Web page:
Each month in this blog post series, Katherine offers five practical and engaging classroom activities which all use the same photo as a starting point. The ideas can be adapted to work with all ages and levels and are designed to recycle language in an engaging way while developing a
What do you prefer?
It’s World Book Day on April 23rd. In this month’s blog post, I will share a ‘Books and Reading’ survey idea for teachers to try out with their primary students. I will also provide a simple reflection task to support Professional Development. We invite you to send us your feedback.
Decision-making is an important life skill that all children need to develop. As teachers we share the responsibility, not only of providing opportunities in the classroom for our learners to make choices, but also to help them understand that the choices they make have consequences. There are lots of ways
Motivation in your classroom: what’s in it for me?
Last time, we examined the psychological need to complete things and make them whole, and how that can be exploited to help students stay motivated. The word ‘need’ is a key term when we’re looking at students’ motivation, of course. At its most fundamental level, motivation is all about wants
Making Learning last: repetition, variation and rehearsal
In the last post on memorization, I talked about the role of emotion, stories and personalization. All of these things gave language a better chance of reaching longer-term memory because of their impact on the student – the way they resonated with them on a deeper level. In this post I
Motivation in your classroom: completion
In my previous post in this series on quick and simple ways to motivate our students, I looked at setting measurable targets for tasks and classroom activities, the idea being that giving students a specific outcome to aim for leads to a sense of achievement. Part of meeting a measurable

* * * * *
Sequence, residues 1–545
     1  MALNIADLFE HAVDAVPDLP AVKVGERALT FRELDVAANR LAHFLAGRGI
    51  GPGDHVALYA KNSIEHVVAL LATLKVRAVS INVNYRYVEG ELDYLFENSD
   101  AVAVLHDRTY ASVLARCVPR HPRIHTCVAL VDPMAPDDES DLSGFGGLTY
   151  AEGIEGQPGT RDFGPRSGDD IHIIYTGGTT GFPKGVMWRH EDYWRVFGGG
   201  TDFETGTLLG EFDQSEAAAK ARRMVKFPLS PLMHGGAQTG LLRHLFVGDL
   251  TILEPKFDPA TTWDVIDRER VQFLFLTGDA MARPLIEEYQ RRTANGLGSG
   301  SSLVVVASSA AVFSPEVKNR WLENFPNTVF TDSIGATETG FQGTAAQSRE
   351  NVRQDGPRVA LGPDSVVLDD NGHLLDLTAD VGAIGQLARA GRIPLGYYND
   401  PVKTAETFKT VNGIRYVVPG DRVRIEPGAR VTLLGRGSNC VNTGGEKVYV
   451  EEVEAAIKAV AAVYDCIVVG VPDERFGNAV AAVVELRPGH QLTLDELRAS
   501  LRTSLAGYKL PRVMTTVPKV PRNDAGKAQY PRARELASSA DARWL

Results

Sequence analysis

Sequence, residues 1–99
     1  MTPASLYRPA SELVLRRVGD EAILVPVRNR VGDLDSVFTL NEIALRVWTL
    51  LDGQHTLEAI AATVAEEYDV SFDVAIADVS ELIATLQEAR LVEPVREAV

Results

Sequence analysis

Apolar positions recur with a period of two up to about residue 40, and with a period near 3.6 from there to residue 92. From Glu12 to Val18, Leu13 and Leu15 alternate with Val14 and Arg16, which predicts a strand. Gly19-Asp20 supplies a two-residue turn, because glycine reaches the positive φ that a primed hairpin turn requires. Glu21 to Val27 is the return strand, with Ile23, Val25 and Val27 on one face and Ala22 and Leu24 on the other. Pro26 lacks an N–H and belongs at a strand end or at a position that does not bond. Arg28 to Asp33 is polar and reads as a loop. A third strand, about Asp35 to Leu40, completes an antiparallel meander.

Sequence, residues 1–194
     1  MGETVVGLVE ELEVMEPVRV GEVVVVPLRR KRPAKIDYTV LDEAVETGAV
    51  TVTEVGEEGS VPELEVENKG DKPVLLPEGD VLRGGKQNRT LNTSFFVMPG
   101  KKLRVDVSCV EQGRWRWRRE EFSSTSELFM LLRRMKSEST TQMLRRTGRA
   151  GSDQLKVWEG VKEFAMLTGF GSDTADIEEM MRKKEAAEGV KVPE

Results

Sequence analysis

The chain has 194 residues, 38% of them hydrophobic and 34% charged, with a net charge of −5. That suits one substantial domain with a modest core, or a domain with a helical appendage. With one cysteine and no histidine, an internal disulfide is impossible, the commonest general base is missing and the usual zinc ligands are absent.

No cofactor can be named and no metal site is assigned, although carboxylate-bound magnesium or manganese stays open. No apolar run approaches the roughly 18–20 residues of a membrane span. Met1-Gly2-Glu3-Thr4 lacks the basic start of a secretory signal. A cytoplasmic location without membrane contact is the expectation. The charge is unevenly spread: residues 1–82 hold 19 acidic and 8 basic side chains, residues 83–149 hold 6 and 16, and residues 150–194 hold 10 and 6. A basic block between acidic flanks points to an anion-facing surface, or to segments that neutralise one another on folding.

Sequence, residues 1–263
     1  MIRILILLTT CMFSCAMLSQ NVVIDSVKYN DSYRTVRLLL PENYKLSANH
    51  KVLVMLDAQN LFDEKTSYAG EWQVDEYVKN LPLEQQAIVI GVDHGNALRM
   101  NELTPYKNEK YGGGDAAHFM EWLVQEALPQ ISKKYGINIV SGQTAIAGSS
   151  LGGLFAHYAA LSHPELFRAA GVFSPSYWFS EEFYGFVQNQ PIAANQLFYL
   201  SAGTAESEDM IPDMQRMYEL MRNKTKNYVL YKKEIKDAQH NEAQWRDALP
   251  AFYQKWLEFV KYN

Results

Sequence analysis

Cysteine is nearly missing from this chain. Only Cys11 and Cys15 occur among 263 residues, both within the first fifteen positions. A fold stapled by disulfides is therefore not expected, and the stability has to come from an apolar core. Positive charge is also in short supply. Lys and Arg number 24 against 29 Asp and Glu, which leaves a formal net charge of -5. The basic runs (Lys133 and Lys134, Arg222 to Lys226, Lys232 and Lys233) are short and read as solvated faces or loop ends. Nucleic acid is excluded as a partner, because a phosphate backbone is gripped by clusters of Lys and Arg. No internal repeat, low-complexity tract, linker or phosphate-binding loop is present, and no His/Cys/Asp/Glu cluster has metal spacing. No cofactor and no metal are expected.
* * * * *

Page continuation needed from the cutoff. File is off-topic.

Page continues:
You can use a TED Talk without looking at the picture – try it!
In my previous post, I wrote about playing TED Talks without the sound as a simple hack to control language level. But what happens if we leave the sound on and turn off the pictures? Does that have the opposite effect and raise the level of the input? Not necessarily.
Capturing Culture in your Classroom
Music, food, language, dance, stories and decorations. These are just a few of the ways that people express their cultural heritage. As a photographer, one of the most exciting parts of my work is discovering and photographing different cultural traditions around the world. When I visit a new place, I
Personalization: From ‘I’ to ‘you’ to ‘we’
In the two previous posts in this series looking at personalization in the classroom, I focused on the individual learner and how teachers and materials can make the language and topics of the classroom relevant to him or her. However, personalization isn’t just about making sentences using the words ‘I,
Motivation in your classroom: a micro approach
I want a house with a swimming pool. That’s what a friend said to me during my first week at college. It was my first understanding that we are all motivated by different things. And it’s as true of language learners as it is of mountain climbers, entrepreneurs or ex-smokers.